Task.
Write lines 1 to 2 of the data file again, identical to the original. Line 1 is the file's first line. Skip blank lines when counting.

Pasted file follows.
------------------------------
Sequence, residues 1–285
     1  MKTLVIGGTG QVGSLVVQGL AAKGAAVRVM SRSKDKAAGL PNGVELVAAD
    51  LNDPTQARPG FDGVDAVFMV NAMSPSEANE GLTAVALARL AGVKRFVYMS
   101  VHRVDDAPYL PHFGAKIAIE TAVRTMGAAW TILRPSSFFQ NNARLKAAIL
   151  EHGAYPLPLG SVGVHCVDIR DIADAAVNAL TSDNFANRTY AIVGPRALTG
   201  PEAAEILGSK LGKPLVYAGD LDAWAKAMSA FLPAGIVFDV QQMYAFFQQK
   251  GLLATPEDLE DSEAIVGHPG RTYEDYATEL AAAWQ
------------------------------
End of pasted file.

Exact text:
Sequence, residues 1–285
     1  MKTLVIGGTG QVGSLVVQGL AAKGAAVRVM SRSKDKAAGL PNGVELVAAD